Welch published and performed widely during the 1960s. He taught a poetry workshop as part of the University of California Extension in San Francisco from 1965 to 1970.
Welch was born in Phoenix, Arizona and moved with his mother and sister to California in 1929. He enlisted in the Army Air Corps in 1944 but never saw active service. He worked for a period before attending Stockton Junior College, where he developed an interest in the works of Gertrude Stein.
In 1948, Welch moved to Portland, Oregon to attend Reed College. There he roomed with poets Gary Snyder and Philip Whalen. Welch decided to become a writer after reading Gertrude Stein's long story "Melanctha."  Welch wrote his thesis on Stein and published poems in student magazines. William Carlos Williams visited the college and met the three poets. He admired Welch's early poems and tried to get his Stein thesis published.
After college, Welch moved to New York City, where he worked writing copy in the advertising industry. Welch was said to have come up with the advertising slogan,"Raid Kills Bugs Dead", but others have questioned this claim. During this time, Welch started to display emotional and mental problems and went to Florida to take a course of therapy.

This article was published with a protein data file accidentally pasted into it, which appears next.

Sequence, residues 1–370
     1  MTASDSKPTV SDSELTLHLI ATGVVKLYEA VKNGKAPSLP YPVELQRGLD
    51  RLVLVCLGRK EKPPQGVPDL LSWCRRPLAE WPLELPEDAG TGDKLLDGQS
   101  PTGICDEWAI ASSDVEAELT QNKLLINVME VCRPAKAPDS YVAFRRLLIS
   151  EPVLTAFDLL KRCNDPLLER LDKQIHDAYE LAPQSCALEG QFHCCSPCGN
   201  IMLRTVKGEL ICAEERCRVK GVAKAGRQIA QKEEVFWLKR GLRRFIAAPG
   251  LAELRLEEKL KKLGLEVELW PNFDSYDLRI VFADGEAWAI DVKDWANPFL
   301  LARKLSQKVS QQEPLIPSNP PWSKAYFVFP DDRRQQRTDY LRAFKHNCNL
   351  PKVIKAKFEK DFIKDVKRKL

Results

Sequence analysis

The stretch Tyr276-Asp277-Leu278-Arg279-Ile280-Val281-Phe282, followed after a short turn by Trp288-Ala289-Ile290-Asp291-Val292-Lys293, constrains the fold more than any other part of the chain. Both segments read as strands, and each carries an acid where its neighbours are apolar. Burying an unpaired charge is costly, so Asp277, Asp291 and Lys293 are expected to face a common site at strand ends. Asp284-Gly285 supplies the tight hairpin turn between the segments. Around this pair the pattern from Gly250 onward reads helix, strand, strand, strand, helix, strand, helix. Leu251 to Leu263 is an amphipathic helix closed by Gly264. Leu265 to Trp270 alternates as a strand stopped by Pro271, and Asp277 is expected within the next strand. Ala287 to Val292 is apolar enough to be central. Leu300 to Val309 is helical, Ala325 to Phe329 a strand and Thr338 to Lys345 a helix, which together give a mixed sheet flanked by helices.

He then went to the University of Chicago, where he studied philosophy and English. In Chicago, he joined the advertising department of Montgomery Ward. He was working there at the time of the famous poetry reading at the Six Gallery in San Francisco that launched what was to become known as the San Francisco Renaissance.
Wanting to get back to poetry, Welch applied for a transfer to Montgomery Ward's Oakland headquarters. After the return to California, he started to get involved in the San Francisco literary scene. He soon gave up advertising and earned a living driving a cab while devoting more time to writing. He became an active participant in Beat culture, living at various times with Snyder and Lawrence Ferlinghetti. In 1960, poet Lenore Kandel met Welch and Snyder, who introduced her to many people in the Beat movement.
Jack Kerouac based his character Dave Wain in his novel Big Sur (1962) on Welch. In 1968, Welch signed the "Writers and Editors War Tax Protest" pledge, vowing to refuse tax payments in protest against the Vietnam War.
On May 23, 1971, Welch walked out of poet Gary Snyder's house in the mountains of California, leaving behind a suicide note. He had carried a stainless steel Smith & Wesson .22 caliber revolver. His body was never found.
sufficiently impressive to Jack Kerouac, who modeled his Big Sur character Dave Wain after the hard-drinking poet